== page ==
Basal cell carcinoma, a type of skin cancer, affects millions of people worldwide. While traditional treatment has been surgery and radiation, topical treatments in combination with surgery are showing more promise for patients with basal cell carcinoma.
Speaking at ACADEMY '05, the American Academy of Dermatology's summer scientific session in Chicago, dermatologist Roger I. Ceilley, M.D., clinical assistant professor of dermatology at the University of Iowa, Des Moines, Iowa, discussed how medical and surgical treatments can be combined to increase effectiveness.
"The traditional treatment for basal cell carcinoma generally consists of surgery to remove the lesion," Dr. Ceilley said. "However, new medical therapies, imiquimod and fluorouracil, commonly called 5FU, are emerging as effective weapons for treating superficial basal cell carcinomas in combination with surgery."
Imiquimod stimulates the immune system to release chemicals called cytokines, which fight viruses and destroy cancer cells. In a small double- blind study by Dr. James Spencer at Mount Sinai University of imiquimod use in 20 patients with superficial basal cell carcinoma, half were given imiquimod cream after surgery and half were given a placebo cream.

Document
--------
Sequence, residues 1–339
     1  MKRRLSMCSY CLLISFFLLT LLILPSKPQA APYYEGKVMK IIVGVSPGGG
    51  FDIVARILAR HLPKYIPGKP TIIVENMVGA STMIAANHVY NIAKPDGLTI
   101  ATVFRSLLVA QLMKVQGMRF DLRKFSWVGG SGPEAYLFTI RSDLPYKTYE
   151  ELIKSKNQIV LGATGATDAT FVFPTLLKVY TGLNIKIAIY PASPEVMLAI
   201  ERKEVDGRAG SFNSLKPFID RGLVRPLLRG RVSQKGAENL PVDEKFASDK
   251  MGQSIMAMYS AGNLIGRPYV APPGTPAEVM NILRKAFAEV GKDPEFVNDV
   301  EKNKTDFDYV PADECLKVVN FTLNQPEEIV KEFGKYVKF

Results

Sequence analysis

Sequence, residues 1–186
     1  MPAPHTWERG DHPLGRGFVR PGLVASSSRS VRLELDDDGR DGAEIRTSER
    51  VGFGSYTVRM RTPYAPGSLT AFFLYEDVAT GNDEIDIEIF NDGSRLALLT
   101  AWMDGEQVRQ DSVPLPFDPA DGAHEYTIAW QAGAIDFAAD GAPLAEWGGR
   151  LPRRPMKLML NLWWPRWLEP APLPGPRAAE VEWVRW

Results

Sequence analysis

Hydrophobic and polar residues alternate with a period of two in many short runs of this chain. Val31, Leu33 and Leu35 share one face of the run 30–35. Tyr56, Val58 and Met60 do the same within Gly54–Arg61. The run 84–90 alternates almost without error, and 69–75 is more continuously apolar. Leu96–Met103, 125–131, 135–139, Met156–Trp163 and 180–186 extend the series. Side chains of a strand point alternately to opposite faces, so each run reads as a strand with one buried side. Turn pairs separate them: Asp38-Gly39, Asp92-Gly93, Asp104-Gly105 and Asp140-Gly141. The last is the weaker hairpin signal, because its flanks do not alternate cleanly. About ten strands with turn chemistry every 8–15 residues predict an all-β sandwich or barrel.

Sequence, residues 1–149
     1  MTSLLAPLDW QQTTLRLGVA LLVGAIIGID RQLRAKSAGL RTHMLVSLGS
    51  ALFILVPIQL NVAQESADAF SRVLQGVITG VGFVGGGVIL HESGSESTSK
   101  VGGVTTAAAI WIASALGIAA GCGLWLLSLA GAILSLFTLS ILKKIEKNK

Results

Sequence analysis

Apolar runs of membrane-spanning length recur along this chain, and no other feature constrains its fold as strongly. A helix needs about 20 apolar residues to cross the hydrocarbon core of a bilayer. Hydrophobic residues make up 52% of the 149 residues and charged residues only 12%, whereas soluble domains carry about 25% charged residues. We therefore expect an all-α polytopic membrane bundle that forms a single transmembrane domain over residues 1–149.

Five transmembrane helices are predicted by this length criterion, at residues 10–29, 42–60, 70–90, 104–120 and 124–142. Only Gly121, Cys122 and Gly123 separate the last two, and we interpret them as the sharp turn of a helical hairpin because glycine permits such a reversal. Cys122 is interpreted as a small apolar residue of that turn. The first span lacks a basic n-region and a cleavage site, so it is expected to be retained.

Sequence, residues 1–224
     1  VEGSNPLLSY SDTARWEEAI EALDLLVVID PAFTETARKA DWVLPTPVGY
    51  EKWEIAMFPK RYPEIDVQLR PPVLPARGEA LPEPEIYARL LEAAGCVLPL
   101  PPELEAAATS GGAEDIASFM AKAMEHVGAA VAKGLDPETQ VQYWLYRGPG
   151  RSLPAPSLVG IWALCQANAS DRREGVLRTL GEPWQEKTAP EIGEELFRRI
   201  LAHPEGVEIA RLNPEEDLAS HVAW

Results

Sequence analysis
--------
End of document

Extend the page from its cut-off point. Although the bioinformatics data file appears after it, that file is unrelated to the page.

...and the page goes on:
All patients were instructed to use the cream nightly for one month. After two months, the area where the tumor had been was biopsied. Ten percent of the group using imiquimod had a residual tumor, compared to thirty percent of the placebo group. The majority of the imiquimod users also had a better cosmetic appearance, with mostly flat and slightly pink appearance at the lesion site.
"Possible recurrence of the skin cancer is one risk of traditional treatment," said Dr. Ceilley. "This study showed promise for reducing that risk, but more research needs to be done."
5FU is a topical chemotherapy drug that affects the metabolism of cells and prevents them from growing. It also is used to treat breast, stomach, bowel and esophageal cancers. Although there is limited data on the use of 5FU for basal cell carcinoma, small studies have shown that it is an effective therapy and may work best with surgery.
"The risk of scarring is another drawback of surgery," Dr. Ceilley said. "If we can shrink the size of the tumor before removal, the surgery will be more efficient and will leave a smaller scar."
"Combining medical and surgical treatments for basal cell carcinoma may reduce the risk of scarring and possible recurrence. A dermatologist can determine the most effective treatment for each individual."